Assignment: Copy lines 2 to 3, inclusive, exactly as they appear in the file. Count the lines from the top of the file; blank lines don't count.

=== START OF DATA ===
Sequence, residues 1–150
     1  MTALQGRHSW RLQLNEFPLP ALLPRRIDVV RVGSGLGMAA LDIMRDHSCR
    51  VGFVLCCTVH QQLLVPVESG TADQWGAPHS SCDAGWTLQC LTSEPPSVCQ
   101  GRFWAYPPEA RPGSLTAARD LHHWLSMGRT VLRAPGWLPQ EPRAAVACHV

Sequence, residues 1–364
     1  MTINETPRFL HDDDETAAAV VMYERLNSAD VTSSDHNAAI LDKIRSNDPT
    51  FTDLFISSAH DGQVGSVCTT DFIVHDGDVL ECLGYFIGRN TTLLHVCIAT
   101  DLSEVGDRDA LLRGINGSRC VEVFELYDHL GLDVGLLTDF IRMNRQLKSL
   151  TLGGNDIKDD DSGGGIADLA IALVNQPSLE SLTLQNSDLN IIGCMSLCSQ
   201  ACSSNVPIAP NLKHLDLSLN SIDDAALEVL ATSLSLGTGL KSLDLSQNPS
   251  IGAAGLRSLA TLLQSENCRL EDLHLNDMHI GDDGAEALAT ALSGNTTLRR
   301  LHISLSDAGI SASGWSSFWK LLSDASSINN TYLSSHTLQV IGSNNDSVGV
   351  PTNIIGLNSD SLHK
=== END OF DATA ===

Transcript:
     1  MTALQGRHSW RLQLNEFPLP ALLPRRIDVV RVGSGLGMAA LDIMRDHSCR
    51  VGFVLCCTVH QQLLVPVESG TADQWGAPHS SCDAGWTLQC LTSEPPSVCQ